Just keep swimming...
I started out my day by being whaled in the head and hand by a tennis racket. You see, Peter was trying to hit the ball for Miles and miscalculated his distance from me. Whammo…I doubled over in pain, as Peter looked more horrified than me at the thought of what had just happened. The playtime outside was meant to be a little moment of reprieve. His keen observation that I looked strung out this morning over a variety of issues put his nurturing side into action, so outside we went. The sting of agony lasted well over 20 minutes. In that 20 minutes, Peter guilty conscience led him to disclaim that he would never keep his room a mess again, or make me wait outside in the cold with him as he waited for the bus. Peter hadn’t realized that I wasn’t mad at him; I was just in too much pain to properly express it. He sat me down on the couch, ran for an icepack and played the good doctor. We had 15 minutes before we would hear the inevitable rumble of the yellow school bus, so he cuddled close to me on the couch. As the sting subsided, it became clear that in some cock-eyed way I was fortunate even if I had a massive egg growing on my head. From the moment he woke up, he showed affection, despite my grumpiness. He knew the fresh air would bring out my happier side and with the mishap, he also knew how to mollify my pain. It is easier to “just keep swimming” despite life’s trials and tribulations when love is present in your life. When you give love, you get love even if it comes topped with an egg on your head.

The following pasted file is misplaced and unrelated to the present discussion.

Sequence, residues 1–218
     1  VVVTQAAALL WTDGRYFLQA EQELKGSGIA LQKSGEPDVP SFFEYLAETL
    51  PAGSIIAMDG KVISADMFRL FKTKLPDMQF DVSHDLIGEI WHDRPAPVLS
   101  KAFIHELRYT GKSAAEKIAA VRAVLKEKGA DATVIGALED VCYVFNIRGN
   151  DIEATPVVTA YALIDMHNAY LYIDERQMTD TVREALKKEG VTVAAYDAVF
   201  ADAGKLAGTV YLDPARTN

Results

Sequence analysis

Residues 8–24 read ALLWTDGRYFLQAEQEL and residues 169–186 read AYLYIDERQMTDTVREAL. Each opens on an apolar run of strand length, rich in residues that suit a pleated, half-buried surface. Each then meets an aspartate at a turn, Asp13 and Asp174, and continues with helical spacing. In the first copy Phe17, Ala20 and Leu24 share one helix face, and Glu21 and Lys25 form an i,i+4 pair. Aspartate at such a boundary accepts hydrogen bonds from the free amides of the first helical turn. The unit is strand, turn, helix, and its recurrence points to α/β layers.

Listen to the clip to hear a jingle from my favorite movies. I guarantee it will make you smile.
Not the nature photographer...
When you join a photo club it seems like everyone(except me) captures perfect birds, butterfly's and flowers. I am often amazed at the nature photographer's ability to wait and wait to get the perfect animal shot. One of the guys in the club can make a bird look so amazing you wonder if he has some secret handshake with them. For me, taking bird photos, is, well, for the birds. Patience doesn’t run in my family, so neither will spectacular bird portraits. Usually when I come upon a bird they simply take flight as they have in this photo. Fortunately for me, the light on the farm that day was so spectacular that I got 29 ½ bird portraits. I love how each bird is in a totally different stage of flight, wings flying everywhere. It kind of reminds me of people making the mad dash for the early morning special at Walmart on Black Friday. Something about this photo is oddly random, which is why I probably like it. The stripes on the camper, the mud on the truck and birds causing a ruckus, it’s perfectly mismatched. The colors make me hungry. If it were turned into a black and white photo, it could get that Hitchcockesque feeling. Take a look up in the sky today and see a flying miracle; it may inspire you some way. Ever wonder if we inspire them?